Budget crunch looms
City to tackle loss in revenue May 20Del Mar faces declining revenues and a looming budget deficit as the city council heads into its annual budget workshops May 20 and 21.
Revenues continued to fall, bringing the total revenue loss to $900,000 for the first three quarters of the current fiscal year, which ends June 30. In an almost $10 million budget, that is a 9 percent cut.
The city has been able to absorb the loss by not filling vacant staff positions, not funding projects, having project bids coming in cheaper than anticipated and generally spending less, said Teresa McBroome, accounting manager and city treasurer.
However, the city is preparing for a significant budget gap beginning next year.
“The next two years, it’s even more dismal,” City Manager Karen Brust said. “We are more than $2 million short for next year.”
City employees are investigating ways to cope with falling sales and transient occupancy taxes, and relatively flat property taxes, Brust said.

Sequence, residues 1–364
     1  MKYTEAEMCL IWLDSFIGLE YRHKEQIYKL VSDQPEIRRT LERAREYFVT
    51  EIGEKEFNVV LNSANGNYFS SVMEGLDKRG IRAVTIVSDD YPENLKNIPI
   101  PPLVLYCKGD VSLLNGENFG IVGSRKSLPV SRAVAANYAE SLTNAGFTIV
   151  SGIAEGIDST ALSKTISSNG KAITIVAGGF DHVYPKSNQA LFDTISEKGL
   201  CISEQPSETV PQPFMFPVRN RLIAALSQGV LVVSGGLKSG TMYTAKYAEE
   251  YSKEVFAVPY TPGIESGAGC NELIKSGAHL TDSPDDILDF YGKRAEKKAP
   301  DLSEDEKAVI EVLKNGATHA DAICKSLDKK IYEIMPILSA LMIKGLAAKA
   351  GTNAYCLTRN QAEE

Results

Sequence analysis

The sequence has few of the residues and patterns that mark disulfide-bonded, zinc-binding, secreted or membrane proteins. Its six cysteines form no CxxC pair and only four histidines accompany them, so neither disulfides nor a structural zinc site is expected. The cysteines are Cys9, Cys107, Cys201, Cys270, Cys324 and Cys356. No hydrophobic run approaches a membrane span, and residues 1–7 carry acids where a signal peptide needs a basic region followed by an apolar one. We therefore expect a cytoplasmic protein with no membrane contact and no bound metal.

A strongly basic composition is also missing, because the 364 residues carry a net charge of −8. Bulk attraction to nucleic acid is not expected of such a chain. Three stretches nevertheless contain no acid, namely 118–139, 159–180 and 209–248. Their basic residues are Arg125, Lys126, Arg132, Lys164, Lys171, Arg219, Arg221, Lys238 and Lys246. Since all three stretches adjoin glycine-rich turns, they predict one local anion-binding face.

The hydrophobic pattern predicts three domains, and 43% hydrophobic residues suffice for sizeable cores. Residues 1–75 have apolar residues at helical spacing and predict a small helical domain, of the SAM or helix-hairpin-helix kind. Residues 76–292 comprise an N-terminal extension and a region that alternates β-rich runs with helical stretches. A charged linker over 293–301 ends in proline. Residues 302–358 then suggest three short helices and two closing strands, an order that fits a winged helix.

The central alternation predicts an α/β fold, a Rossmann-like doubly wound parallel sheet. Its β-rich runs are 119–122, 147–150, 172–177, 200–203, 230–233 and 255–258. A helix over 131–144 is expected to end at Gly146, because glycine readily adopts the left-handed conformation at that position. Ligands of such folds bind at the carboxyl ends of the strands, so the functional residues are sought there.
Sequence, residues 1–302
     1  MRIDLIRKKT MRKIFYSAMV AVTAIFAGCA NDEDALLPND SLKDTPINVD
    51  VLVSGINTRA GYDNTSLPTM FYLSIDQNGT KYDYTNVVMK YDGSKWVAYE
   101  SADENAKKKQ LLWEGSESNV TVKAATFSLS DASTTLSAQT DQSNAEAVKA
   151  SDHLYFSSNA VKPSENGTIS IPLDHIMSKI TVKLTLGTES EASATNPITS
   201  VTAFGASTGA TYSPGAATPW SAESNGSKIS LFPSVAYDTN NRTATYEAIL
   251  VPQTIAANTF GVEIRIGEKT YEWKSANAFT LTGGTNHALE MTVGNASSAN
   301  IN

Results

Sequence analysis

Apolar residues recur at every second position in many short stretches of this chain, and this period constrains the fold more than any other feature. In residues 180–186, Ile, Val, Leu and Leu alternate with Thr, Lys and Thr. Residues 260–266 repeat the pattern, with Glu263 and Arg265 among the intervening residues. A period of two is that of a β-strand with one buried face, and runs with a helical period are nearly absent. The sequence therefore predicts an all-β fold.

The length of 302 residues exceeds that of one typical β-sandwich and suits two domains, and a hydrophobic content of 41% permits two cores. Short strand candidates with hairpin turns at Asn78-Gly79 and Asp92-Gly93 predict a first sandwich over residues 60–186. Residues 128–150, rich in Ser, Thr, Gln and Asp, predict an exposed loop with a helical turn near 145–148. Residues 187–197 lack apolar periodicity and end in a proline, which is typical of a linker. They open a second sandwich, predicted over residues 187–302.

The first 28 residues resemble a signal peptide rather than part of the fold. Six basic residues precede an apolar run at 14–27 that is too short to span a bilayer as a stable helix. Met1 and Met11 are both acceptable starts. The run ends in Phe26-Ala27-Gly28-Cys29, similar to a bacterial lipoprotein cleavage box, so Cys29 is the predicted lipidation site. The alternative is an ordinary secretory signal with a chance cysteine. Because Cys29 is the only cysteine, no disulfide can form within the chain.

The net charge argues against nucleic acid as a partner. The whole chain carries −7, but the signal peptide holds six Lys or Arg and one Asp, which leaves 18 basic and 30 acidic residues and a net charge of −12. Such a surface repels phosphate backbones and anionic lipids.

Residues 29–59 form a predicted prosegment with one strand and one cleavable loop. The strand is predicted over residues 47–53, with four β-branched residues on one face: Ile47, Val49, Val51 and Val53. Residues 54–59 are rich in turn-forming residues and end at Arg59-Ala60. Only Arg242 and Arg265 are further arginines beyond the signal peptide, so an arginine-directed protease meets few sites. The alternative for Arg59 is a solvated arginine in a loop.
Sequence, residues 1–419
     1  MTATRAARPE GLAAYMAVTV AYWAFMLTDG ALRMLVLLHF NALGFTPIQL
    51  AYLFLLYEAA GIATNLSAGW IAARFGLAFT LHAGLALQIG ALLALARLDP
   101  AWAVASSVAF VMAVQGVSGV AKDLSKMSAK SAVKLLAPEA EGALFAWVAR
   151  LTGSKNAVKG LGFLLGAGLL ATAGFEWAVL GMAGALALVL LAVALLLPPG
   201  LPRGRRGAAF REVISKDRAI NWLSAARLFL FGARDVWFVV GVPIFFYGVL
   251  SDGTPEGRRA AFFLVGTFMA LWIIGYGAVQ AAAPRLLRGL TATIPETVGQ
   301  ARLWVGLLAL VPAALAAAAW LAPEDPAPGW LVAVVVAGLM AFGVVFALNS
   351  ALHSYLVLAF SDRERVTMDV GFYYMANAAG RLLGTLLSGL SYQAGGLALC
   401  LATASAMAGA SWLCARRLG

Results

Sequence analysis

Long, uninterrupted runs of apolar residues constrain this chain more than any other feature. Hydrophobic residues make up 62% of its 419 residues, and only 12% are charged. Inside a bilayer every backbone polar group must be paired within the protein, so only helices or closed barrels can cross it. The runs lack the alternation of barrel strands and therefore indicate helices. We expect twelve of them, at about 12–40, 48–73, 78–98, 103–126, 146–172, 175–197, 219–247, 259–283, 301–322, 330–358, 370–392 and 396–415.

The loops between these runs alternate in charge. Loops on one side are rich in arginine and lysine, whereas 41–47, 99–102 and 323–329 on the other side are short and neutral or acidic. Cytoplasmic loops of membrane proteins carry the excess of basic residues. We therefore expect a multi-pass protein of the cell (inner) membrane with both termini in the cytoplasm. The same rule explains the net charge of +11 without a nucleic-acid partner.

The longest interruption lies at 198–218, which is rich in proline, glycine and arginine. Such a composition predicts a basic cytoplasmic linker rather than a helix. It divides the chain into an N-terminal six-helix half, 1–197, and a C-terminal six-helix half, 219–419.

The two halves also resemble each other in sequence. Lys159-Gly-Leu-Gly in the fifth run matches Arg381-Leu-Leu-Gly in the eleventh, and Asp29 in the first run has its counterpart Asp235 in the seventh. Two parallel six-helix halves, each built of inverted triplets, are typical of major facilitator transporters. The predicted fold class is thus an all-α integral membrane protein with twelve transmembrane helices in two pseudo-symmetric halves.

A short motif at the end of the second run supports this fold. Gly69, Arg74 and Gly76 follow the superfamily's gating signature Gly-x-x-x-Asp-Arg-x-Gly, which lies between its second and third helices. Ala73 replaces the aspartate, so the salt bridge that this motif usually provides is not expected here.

Property taxes are expected to increase 1.6 percent next year, a much smaller increase than the typical 7 to 8 percent, she said.
“Executive staff have been working really hard to look at everything, find different ways of doing things and not sacrifice service,” McBroome said.
A proposed budget for the next two fiscal years is expected to be available for public review by today, May 15.
While some major infrastructure projects may proceed because they have outside funding, such as the 29th Street pump station, marine safety center and Torrey Pines bridge, the city may have to postpone all other infrastructure improvements - even street maintenance, Brust said.
Also, staff will not receive pay increases for the next two years, hiring will remain frozen and the city may even have to consider unpaid furloughs, Brust said.
The budget workshops are May 20 at 5:30 p.m. and May 21 at 1 p.m. at the Del Mar TV Studio. The public is welcome to attend and provide input.